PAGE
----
Guest blog by:
Angela Bomgaars, Extreme Community Makeover Director
What comes to mind when you hear the phrase “community development”? Through the social work classes I took in college and through other organizations and experiences I have been connected with over the years, I thought community development was about people coming together to improve a community. While that is true to some extent, I am coming to the realization that there is a lot more to what defines a “community” and how it gets “developed.”
Through my role as Director of the Extreme Community Makeover (ECM), I have been given front row seats into four Denver neighborhoods – Globeville, La Alma/Lincoln Park, Villa Park, and West Colfax. ECM mobilizes individuals and groups of volunteers from churches, companies, neighborhood groups, schools, and other groups, to adopt a block at a time in order to partner with these communities to complete exterior home improvement projects at their homes such as fixing fences, graffiti removal, landscaping, painting, trimming bushes, yard work, etc. Projects are identified through a door to door survey process where community residents are asked about the needs at their homes. From there, the group determines how they can work together with the home owner in order to complete the project. The goal is for community residents, neighbors, and volunteers to come together to make a difference in the communities where ECM works.
Because ECM has connected with a significant number of folks age 55 and over, we were able to receive a grant from the Colorado Compassion Initiative facilitated by JVA Consulting. Through a conversation with a colleague also receiving this grant from another organization, I learned of a community development model called Asset-Based Community Development (ABCD). Upon further investigation, I discovered that the ABCD Institute (www.abcdinstitute.org) was hosting a conference in Chicago. Through funding made possible because of this grant, I was able to attend this conference a few weeks ago and it deepened my thoughts about what “community development” really entails.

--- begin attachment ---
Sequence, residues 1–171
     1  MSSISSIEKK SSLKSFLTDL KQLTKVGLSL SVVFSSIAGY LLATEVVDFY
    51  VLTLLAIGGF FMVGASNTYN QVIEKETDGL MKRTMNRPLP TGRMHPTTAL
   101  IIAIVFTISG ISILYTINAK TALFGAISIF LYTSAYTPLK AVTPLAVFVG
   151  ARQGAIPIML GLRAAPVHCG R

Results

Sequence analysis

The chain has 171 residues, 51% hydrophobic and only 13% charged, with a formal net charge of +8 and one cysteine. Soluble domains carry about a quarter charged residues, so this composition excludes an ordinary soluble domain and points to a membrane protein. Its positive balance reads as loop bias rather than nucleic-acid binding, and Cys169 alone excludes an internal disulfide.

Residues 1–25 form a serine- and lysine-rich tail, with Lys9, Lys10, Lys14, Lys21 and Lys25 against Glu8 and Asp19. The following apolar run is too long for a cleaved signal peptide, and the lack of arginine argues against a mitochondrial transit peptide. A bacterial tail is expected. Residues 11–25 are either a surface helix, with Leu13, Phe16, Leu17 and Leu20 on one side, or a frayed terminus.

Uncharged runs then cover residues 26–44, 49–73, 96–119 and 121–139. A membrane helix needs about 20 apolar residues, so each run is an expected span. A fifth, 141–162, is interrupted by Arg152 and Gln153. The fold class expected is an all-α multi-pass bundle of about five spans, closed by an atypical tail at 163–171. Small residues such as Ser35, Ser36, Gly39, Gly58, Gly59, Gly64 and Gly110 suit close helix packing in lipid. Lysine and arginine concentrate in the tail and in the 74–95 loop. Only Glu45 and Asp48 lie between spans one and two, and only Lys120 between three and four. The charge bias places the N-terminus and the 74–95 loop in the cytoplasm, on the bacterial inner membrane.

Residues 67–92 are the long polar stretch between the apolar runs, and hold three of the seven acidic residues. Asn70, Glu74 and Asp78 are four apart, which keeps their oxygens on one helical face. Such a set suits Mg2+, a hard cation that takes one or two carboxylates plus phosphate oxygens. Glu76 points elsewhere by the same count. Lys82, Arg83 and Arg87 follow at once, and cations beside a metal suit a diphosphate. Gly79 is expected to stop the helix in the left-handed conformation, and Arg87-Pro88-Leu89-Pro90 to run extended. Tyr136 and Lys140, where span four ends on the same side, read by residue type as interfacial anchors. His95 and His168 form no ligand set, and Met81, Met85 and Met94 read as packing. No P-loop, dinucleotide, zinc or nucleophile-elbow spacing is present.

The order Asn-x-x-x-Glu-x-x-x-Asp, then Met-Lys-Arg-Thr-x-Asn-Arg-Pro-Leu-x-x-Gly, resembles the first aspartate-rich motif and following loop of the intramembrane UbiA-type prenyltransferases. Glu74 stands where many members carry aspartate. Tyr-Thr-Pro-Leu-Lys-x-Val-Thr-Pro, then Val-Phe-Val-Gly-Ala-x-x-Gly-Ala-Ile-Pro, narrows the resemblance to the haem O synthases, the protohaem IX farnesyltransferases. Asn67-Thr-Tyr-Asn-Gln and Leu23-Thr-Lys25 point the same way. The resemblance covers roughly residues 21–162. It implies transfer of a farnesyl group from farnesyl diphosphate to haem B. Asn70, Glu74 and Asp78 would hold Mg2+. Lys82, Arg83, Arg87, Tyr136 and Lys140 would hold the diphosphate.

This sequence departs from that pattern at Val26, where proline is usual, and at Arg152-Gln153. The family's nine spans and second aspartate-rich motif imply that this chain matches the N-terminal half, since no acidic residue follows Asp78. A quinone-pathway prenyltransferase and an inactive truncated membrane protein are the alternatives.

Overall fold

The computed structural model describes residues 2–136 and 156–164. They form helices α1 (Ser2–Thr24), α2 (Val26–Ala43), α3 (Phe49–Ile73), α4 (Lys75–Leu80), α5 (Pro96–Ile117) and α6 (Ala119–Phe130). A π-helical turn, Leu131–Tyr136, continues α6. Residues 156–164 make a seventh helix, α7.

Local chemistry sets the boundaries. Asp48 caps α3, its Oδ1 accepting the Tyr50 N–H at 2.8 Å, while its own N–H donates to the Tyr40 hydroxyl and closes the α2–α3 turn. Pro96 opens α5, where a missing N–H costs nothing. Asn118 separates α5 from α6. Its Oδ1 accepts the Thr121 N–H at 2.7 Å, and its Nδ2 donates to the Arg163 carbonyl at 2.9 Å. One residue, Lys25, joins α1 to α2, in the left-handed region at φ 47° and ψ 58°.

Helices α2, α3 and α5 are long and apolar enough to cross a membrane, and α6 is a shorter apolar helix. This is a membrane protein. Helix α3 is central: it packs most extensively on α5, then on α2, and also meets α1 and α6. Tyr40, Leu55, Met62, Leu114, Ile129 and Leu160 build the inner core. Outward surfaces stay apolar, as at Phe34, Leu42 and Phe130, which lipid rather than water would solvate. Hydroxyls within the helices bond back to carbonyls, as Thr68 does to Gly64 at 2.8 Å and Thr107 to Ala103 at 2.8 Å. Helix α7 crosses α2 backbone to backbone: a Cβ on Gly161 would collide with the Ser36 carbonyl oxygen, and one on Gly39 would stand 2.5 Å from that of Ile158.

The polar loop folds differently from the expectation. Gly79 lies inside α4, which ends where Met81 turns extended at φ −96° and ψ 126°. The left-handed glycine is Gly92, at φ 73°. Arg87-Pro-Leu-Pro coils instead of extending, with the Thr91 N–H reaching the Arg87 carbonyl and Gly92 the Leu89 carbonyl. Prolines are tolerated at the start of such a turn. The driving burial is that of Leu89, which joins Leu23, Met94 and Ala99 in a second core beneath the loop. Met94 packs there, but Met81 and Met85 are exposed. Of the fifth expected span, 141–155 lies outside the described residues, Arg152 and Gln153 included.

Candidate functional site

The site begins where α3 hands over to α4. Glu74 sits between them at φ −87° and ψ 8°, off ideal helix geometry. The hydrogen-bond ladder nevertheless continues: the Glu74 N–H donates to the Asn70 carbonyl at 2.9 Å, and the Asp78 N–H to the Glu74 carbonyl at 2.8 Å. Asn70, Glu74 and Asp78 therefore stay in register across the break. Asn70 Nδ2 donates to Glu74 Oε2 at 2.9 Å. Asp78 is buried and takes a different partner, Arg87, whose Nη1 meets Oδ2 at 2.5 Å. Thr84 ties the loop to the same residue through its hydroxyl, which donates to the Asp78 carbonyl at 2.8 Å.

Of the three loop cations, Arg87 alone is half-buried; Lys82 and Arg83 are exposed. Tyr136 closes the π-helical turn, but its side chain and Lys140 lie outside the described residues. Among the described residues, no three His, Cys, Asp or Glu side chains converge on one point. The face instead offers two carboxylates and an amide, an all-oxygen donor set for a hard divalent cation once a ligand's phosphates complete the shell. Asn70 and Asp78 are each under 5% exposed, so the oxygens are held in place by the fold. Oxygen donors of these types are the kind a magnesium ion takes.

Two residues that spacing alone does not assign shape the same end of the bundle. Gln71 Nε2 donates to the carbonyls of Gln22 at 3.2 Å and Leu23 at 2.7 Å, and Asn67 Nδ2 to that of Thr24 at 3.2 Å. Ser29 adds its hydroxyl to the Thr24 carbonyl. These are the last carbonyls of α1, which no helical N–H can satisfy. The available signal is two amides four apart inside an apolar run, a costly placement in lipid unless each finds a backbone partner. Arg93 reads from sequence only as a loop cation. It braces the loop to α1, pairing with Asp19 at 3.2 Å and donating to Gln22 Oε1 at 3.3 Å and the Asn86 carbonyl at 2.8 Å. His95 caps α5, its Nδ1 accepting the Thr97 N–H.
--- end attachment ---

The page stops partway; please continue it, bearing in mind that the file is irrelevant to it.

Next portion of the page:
One of the main premises of the ABCD model is to approach community development through a strengths-based perspective, primarily through looking at the assets in a community, not just the needs. Labels are often projected onto communities based on their needs such as low income, high risk, and marginalized, for just a few examples. Try this yourself – what groups or individuals do you work with and how are they typically categorized – pregnant teens, low socioeconomic status, etc.? Take just a minute to jot down a list. Now, shift your thinking to focus on the assets of these groups or individuals. Even though a teen might be pregnant, being a pregnant teen doesn’t define who she is. She has interests, skills, and talents that she has spent a lifetime building. Often times, these assets are just waiting to be discovered. Take another minute to look at your first list and think of the people represented there and how you can tap into the assets they have to offer to their community.